Laurie Peachey has nursing experience in perinatal and pediatric nursing while also enjoying various roles in nursing education since 2004. Currently working as assistant professor with the School of Nursing, Laurie teaches in the collaborative nursing program at Nipissing University and Canadore College. Laurie has completed the Canadian Nurses’ Association’s certification in perinatal nursing and she has subsequently developed several components of maternal child nursing in the curriculum in the format of classroom lecture, online delivery, simulation lab and clinical practicum experiences. She has integrated the classroom and lab settings to prepare students for a clinical practicum in the collaborative program that includes a two-day maternal child simulation experience combined with traditional practicum hours. In her doctoral thesis, phenomenology is used to examine the lived experience of new graduates after their final practicum, which incorporated traditional experiences with the use of maternal child simulation. Her research interests are rooted in practice education to include the use of maternal child simulation and the transition of new graduates entering practice.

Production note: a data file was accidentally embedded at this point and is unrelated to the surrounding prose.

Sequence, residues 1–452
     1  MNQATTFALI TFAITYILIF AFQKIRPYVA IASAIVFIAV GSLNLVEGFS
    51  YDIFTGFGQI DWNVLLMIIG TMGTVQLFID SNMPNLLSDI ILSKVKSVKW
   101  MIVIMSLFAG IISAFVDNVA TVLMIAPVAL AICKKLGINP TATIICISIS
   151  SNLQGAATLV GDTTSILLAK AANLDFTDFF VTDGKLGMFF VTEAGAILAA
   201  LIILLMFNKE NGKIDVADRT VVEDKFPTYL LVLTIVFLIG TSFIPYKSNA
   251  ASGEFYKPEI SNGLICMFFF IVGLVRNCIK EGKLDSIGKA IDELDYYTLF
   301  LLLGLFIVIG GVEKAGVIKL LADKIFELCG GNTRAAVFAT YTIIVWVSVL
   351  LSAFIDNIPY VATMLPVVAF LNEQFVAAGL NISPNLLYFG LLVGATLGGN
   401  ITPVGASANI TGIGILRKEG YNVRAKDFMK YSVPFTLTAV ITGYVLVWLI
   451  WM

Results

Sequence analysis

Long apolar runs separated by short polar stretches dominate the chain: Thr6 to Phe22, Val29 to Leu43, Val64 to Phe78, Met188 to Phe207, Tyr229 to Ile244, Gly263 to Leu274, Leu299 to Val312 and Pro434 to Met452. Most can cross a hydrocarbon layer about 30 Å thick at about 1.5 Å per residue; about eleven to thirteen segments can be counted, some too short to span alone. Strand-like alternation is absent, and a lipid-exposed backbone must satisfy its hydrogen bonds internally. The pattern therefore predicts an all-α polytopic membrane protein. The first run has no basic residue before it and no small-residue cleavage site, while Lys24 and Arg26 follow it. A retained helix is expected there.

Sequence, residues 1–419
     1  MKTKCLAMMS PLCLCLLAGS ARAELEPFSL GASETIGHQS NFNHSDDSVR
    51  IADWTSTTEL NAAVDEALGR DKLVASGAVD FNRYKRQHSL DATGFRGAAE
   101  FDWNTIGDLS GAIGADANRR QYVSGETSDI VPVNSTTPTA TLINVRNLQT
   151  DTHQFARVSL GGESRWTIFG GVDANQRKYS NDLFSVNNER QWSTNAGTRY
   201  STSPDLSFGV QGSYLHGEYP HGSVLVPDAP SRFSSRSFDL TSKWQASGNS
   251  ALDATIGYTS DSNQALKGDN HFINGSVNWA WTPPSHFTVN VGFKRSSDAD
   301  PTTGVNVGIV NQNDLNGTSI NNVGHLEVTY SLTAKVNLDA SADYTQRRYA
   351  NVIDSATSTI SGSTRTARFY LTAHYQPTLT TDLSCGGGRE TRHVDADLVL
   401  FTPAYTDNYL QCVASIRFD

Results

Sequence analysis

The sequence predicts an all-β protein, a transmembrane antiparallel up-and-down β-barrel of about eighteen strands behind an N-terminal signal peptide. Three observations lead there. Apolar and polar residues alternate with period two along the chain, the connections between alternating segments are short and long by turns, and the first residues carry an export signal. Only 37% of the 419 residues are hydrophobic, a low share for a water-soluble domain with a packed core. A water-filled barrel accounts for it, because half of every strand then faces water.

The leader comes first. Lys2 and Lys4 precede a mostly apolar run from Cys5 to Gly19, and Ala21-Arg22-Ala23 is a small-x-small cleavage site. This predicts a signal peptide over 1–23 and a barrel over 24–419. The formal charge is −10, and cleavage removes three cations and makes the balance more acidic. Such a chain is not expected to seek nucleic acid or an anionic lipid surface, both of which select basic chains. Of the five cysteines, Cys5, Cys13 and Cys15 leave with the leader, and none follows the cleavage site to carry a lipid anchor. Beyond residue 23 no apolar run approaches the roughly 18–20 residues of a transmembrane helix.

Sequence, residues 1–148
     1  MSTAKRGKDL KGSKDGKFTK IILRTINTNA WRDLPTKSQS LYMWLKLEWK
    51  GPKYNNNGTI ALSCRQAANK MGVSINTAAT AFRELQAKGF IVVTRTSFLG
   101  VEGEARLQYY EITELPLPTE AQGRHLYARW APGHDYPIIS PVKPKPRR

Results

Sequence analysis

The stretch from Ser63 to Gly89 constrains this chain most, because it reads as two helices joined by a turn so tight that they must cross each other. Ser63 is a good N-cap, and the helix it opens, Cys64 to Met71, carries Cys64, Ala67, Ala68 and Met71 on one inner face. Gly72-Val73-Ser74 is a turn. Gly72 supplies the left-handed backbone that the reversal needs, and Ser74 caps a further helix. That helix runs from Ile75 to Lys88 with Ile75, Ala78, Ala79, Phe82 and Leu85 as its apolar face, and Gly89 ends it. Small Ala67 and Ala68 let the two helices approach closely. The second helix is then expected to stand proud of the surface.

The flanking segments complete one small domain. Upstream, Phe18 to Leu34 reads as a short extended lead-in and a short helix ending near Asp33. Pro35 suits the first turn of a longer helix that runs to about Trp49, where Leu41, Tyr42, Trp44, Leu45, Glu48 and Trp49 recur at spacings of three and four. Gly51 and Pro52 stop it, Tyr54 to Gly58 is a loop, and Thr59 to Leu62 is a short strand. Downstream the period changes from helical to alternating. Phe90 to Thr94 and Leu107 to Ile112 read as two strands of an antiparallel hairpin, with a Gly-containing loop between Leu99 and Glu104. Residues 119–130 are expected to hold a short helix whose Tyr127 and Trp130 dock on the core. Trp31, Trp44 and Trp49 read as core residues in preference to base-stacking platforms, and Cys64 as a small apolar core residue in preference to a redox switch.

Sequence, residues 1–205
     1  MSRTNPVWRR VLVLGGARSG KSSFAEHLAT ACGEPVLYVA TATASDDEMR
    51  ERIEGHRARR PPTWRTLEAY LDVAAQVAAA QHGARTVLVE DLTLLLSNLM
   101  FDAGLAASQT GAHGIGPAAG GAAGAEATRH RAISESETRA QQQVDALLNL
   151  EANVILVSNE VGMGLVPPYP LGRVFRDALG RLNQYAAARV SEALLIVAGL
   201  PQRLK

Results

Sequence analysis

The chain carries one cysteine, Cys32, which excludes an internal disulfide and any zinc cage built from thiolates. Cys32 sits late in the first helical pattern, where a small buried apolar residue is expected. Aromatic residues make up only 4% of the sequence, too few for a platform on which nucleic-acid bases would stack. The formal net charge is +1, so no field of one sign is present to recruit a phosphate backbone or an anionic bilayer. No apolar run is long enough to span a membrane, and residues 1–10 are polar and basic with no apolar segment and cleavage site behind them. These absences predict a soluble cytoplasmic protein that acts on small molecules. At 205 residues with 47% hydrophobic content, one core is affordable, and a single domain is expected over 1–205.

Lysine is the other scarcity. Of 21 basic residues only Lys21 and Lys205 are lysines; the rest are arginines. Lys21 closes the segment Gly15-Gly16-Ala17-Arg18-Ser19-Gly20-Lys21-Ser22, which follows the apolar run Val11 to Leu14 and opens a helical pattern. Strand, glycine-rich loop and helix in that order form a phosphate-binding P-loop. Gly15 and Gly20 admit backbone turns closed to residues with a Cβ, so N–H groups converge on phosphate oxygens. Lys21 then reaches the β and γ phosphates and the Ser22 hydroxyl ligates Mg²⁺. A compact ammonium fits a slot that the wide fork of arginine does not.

Dr. Cindy Peltier is Anishinaabe-kwe with familial connections to both Wiikwemkoong Unceded Territory and Nipissing Nation. Recently appointed as Chair in Indigenous Education at Nipissing University, she will lead the process of Indigenization – a term understood widely to mean the respectful inclusion of Indigenous knowledge to enhance learning. Dr. Peltier will support a diverse research culture at Nipissing. Prior to accepting the position at Nipissing University, she worked with northeastern Ontario Anishinaabe communities for more than fifteen years as an educator, principal, educational consultant, and post-doctoral research fellow with the Centre for Rural and Northern Health Research at Laurentian University. Dr. Peltier’s own research focuses on Anishinaabe mino bimaadiziwin, the experiences of Anishinaabe with cancer and the use of Indigenous healing. She has extended this work more broadly to the concept of Indigenous wellness. In her work, she strives for equity in health and education while sharing the critical importance of the inclusion of Indigenous knowledge in these processes.